|Traded as||TSX: G
S&P/TSX 60 component
|Headquarters||Vancouver, British Columbia, Canada|
|David Garofalo (CEO)
Ian Telfer, Chairman of the Board and Director
|Revenue||$4,375.00 million (2015)|
|$-4,863.00 million (2015)|
|$-4,158.00 million (2015)|
|Total assets||$21.43 billion (2015)|
Number of employees
Goldcorp is a gold producer headquartered in Vancouver, British Columbia, Canada. The company employs about 15,800 people worldwide, engaged in gold mining and related activities including exploration, extraction, processing and reclamation. Goldcorp’s operating assets include four mines in Canada, two mines in Mexico, and four in Central and South America. As of the third quarter of 2014, Goldcorp was the world's fourth-largest producer of gold.
In June 2016, Goldcorp was named one of Corporate Knights magazine's Best 50 Corporate Citizens in Canada. In the same year, the company was also ranked among Canada's Top 100 Employers. Goldcorp has repeatedly been accused of harming the environment, livestock, and public health in multiple studies by advocacy groups and activists, contaminating areas with toxic heavy metals by its mining activities. These allegations have been refuted by the company and none of these allegations have been proved in a court of law. The company's track record around transparency, policies and practices has improved since a damning 2010 study accused the company of human rights violations.
Goldcorp’s operating assets include four mines in Canada, one mine in Mexico, and four in Central and South America. Goldcorp also has a number of projects including the Coffee, Cochenour and Borden projects in Canada, and NuevaUnión (formerly known as Project Corridor - 50% interest) in Chile.
- Red Lake mine (Canada)
- Porcupine mine (Canada)
- Musselwhite mine (Canada)
- Éléonore mine (Canada)
- Peñasquito mine (Mexico)
- Cerro Negro mine (Argentina)
- Marlin mine (Guatemala)
- Pueblo Viejo mine (Dominican Republic - 40% ownership)
- Alumbrera mine (Argentina - 37.5% ownership)
- Coffee project (Canada)
- Cochenour project (Canada)
- Borden project (Canada)
- NuevaUnión project (Chile - 50% ownership)
2015 production totaled 909,400 ounces for the fourth quarter and 3,464,400 ounces for the full year 2015, compared to 890,900 ounces and 2,871,299 ounces, respectively, in 2014.
|Financials (US $ Millions)||2015||2014|
|Adjusted Net Earnings||($88)||$498|
|Cash Flow from Operations||$1,430||$1,014|
|Cash & Cash Equivalents||$326||$482|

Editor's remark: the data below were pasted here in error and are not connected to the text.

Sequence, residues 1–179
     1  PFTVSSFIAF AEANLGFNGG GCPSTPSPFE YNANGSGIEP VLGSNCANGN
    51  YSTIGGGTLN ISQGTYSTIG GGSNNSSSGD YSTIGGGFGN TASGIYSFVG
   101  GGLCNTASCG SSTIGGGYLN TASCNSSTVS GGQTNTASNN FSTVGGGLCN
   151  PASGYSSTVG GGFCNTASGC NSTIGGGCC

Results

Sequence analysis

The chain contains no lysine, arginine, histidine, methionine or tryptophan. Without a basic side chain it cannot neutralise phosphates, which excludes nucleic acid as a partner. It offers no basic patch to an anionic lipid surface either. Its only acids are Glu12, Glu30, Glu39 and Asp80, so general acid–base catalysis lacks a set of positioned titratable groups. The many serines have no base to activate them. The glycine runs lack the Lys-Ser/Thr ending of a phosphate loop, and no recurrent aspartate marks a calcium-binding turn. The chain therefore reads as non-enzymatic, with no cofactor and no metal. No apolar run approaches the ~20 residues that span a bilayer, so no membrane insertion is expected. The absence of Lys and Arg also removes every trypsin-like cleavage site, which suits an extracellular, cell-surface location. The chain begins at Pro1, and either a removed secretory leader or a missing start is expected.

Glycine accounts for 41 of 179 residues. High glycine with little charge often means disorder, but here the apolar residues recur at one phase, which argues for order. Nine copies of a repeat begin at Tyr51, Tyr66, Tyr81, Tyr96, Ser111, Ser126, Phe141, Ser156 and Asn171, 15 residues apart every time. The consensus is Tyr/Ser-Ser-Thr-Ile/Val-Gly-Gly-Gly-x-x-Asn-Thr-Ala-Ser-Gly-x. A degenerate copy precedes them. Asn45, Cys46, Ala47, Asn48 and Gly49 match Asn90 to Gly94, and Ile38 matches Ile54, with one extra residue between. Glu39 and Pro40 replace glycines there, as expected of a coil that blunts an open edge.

|Total assets at Dec 31||$21,428||$27,866|
Goldcorp was officially incorporated in 1994. Following a period of M&A activity, the company quickly grew to become a leading gold producer. The company is focused on responsible mining practices with safe, low-cost production in areas of low political risk. Through the consistent application of its business strategy, Goldcorp has achieved significant growth, industry recognition, and numerous awards.
In 2000, Goldcorp founder Rob McEwen launched the Goldcorp Challenge, sharing with the public the company’s geological data with the offer of $575,000 in prizes to those who could help locate Red Lake mine’s next six million ounces of gold. The challenge was successful, with more than 110 sites identified and more than 80 per cent of sites yielding significant gold reserves. The challenge helped turn the company from a struggling enterprise into one of the most profitable in the industry.
In January 2017 Goldcorp announced it had divested two non-core assets through the sales of the Cerro Blanco Gold Project in Guatemala to Bluestone Resources as well as the Los Filos Mine in Mexico to Leagold Mining.
In January 2017 Goldcorp reported preliminary full year 2016 production totaling 2.873 million ounces of gold at all-in sustaining costs of around $850 per ounce. The Company expects to increase total annual gold production by over 20% over the next five years to more than three million ounces annually.
Goldcorp has been working to improve its approach to environmental stewardship. The company publicly reports on its environmental performance on an annual basis and has been a member of the International Council on Mining and Metals (ICMM) since 2009. The company’s El Sauzal mine in Mexico was also the first mine in the world to be successfully decommissioned in accordance with the International Cyanide Management Code (“ICMC”).